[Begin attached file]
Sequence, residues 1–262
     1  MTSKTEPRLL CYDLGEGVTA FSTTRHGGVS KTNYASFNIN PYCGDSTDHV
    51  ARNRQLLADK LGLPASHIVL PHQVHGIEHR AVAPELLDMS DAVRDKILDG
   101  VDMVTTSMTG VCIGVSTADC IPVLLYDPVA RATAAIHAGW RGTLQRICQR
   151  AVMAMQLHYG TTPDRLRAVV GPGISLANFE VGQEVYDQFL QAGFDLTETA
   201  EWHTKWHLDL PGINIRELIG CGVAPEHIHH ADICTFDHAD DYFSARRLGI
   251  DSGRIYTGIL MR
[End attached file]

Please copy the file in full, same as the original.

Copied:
Sequence, residues 1–262
     1  MTSKTEPRLL CYDLGEGVTA FSTTRHGGVS KTNYASFNIN PYCGDSTDHV
    51  ARNRQLLADK LGLPASHIVL PHQVHGIEHR AVAPELLDMS DAVRDKILDG
   101  VDMVTTSMTG VCIGVSTADC IPVLLYDPVA RATAAIHAGW RGTLQRICQR
   151  AVMAMQLHYG TTPDRLRAVV GPGISLANFE VGQEVYDQFL QAGFDLTETA
   201  EWHTKWHLDL PGINIRELIG CGVAPEHIHH ADICTFDHAD DYFSARRLGI
   251  DSGRIYTGIL MR